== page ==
I believe most people have a boss inside them. I am not excluding myself from this group. This is explained by the way we are grown. Our culture is full of them and we learn very early about the superior-subordinate relationship.

I remember a scene from my childhood. A friend, then 9, had just received his first opportunity to be a boss. He had been chosen to be the leader of a pack of wolves. He didn’t think twice and decided to taste that new instituted power. He asked a schoolboy (7 year old!) to lift a 2kg stone above his head. The order was followed and a smile of evil satisfaction appeared on my friend’s face. The game stopped there and the next order was to put the stone back down.

We have a boss inside us, but not all of us are psychopaths.

Even having the capacity to control ourselves, it is easy to remember that power corrupts. Just look at the headlines of the world’s newspapers and see what is common between them.

At this point, you may be thinking: I do not want to be an all-powerful boss. I want to be a manager! A leader! An enlightened despot, a benevolent dictator. Ok, let’s examine the characteristics, found in top-selling books in stores,  that are expected from a “manager”:

  • Inspiring leader
  • Process Facilitator
  • Conflict mediator
  • Talent Developer
  • Cheerleader
  • Server Leader
  • Expert in the technical area
  • Wise in decision making
  • Expert communicator
  • Strategic Planner
  • Professional and personal coach
  • Results-driven
  • Visionary

Okay, no one can be all this at the same time. Maybe that’s why this story of being a boss, even though we’ve learned to enjoy that since our childhood, make us a living proof of Peter’s Principle, which says:

In a hierarchical system, every employee tends to be promoted up until he or she reaches his or her level of incompetence.

Very well. So maybe you want to kill the boss inside you. Whether you realize the impossibility of people being good bosses (practical reason) or because you feel that no one should accumulate so much power (ethical motivation). What matters is that there is a desire to end this persona.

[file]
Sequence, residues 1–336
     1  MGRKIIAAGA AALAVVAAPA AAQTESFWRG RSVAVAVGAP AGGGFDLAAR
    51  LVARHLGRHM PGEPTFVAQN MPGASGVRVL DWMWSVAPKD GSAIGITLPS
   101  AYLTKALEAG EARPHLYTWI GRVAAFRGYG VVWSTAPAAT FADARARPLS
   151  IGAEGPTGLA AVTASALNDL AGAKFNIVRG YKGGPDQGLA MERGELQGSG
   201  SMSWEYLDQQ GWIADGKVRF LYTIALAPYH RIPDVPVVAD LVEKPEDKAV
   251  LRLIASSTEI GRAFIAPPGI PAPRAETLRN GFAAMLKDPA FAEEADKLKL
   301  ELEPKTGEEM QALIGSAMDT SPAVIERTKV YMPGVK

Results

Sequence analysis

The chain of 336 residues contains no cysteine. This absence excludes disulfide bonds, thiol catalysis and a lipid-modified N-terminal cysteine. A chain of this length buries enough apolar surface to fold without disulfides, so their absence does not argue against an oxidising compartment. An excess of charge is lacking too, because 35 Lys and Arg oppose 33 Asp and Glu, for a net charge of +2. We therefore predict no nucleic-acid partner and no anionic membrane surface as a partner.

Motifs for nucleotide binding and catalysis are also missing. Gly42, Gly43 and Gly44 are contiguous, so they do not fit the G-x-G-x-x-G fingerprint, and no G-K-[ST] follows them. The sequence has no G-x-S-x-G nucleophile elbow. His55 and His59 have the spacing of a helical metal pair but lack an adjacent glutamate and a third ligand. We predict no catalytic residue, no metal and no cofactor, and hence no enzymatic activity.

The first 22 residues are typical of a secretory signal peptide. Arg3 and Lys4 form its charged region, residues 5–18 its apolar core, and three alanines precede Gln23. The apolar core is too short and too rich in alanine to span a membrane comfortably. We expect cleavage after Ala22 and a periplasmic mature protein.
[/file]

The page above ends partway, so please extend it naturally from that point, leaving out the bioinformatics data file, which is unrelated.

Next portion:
Not only that. Maybe you do not want to submit to a boss, and the same reasons apply.

Here is my recipe, but beware! I do not offer guarantees, I can only speak from my experience.

There is no sequence of what needs to be done. These are 3 strategies that can be followed in parallel.

  1. Think. Stop and think hard about your motives and values. If your desire to kill your boss is rooted only in practical matters, the burial may take a long time to happen. Self-knowledge is also key for you to understand where your little bosses are hiding and what principles, values ​​and habits are conflicting. Yes, we humans are full of incoherences.
  2. Study. About how organizations can exist without such a role that centralizes so much power. You can read books, watch videos on the internet, consult people, take part in workshops and look for other sources. Just be careful with universities, because if there are so many bosses there, you won’t find any references.
  3. Practice. It is not just studying and thinking that you will build new habits and change mental models. You need to find a group of people or organization where you can learn in practice how to work and live without a boss. Yes, it takes time. But living with a boss also takes time, except that we started learning that earlier.

It is a simple recipe that can be followed by anyone.

Oh, and do not think that something so strong in our culture will not resurface when we are relaxed.

There are zombie bosses. I’ve seen them… inside me.